Heritage Railways and Tramways (Voluntary Work) Bill [HL] - Second Reading

Part of the debate – in the House of Lords at 1:35 pm on 15 July 2022.

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Photo of Lord Faulkner of Worcester Lord Faulkner of Worcester Deputy Chairman of Committees, Deputy Speaker (Lords) 1:35, 15 July 2022

My Lords, first, I thank all noble Lords for their excellent contributions to the debate. The heritage railway sector will be gratified to learn how many friends and how much support it has: my noble friend Lord Berkeley spoke about the Helston Railway; the noble Lord, Lord Jones of Cheltenham, visited both the Swanage Railway and the Gloucestershire Warwickshire Steam Railway; the noble Earl, Lord Shrewsbury, went to the Churnet Valley Railway; my noble friend Lady Wilcox of Newport cited the Talyllyn Railway and the Pontypool and Blaenavon Railway; and the Minister referred to the Kent & East Sussex Railway. My noble friend Lord Snape reminded us of the pleasures of being a goods guard on steam railways at 4 am before modernisation took over that part of the railway’s operation. He is now, I think, the only former working railwayman in your Lordships’ House and, as a result, deserves to be listened to with particular respect.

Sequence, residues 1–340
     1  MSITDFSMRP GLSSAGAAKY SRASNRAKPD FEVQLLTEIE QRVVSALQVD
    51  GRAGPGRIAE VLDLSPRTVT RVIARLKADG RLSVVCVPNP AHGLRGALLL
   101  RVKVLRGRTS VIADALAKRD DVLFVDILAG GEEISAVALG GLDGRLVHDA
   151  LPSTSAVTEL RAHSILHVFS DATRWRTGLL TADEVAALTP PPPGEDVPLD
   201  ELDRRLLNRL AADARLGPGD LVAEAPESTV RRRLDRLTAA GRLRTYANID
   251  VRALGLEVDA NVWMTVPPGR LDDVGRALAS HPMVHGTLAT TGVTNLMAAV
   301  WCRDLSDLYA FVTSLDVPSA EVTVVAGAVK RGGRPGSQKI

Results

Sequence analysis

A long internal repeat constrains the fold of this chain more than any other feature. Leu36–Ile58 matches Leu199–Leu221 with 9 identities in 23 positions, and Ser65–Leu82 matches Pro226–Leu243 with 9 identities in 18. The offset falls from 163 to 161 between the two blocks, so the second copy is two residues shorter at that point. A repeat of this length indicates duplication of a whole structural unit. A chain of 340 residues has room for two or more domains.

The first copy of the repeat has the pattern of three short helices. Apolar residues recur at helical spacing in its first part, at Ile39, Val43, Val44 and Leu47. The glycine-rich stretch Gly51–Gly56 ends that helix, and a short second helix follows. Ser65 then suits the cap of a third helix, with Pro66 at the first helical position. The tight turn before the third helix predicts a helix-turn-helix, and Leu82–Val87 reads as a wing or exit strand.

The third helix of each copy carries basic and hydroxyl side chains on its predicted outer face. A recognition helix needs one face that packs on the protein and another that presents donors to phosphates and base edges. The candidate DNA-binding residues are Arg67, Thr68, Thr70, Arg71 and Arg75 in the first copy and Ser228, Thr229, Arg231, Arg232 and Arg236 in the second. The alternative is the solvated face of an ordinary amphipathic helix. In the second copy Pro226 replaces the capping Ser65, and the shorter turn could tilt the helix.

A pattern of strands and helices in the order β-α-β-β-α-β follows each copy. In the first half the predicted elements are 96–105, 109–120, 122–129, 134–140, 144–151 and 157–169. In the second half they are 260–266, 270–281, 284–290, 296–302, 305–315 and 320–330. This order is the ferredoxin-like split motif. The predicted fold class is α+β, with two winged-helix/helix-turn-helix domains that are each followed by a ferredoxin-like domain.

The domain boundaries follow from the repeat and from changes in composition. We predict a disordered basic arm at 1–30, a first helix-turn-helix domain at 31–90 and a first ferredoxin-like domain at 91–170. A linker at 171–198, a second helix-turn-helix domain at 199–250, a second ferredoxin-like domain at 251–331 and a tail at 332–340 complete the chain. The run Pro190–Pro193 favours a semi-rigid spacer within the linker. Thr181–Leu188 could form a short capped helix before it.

It is clear that there is general agreement that the 1920 Act must not be used to prevent young people under 16 working as volunteers. The Minister’s speech was really interesting, because she said that the provisions of this Bill may not be necessary because the provisions of the 1920 Act will never be applied. However, as more than one speaker—including my noble friends Lord Berkeley and Lord Snape—drew the House’s attention to, the Minister did not answer on what will happen should something go wrong involving a youngster working as a volunteer. She referred to insurance but there are other, deeper issues that also need to be looked at. Although I really appreciate her offer to meet representatives from the sector in the autumn—we accept that offer with gratitude and alacrity—we should be looking for stronger guarantees in relation to the 1920 Act than she has been able to give us today, however well-intentioned those have been. I therefore hope that the House will agree to give the Bill a Second Reading as a means of concentrating everyone’s minds on this subject. I beg to move that the Bill be now read a second time.

Bill read a second time and committed to a Committee of the Whole House.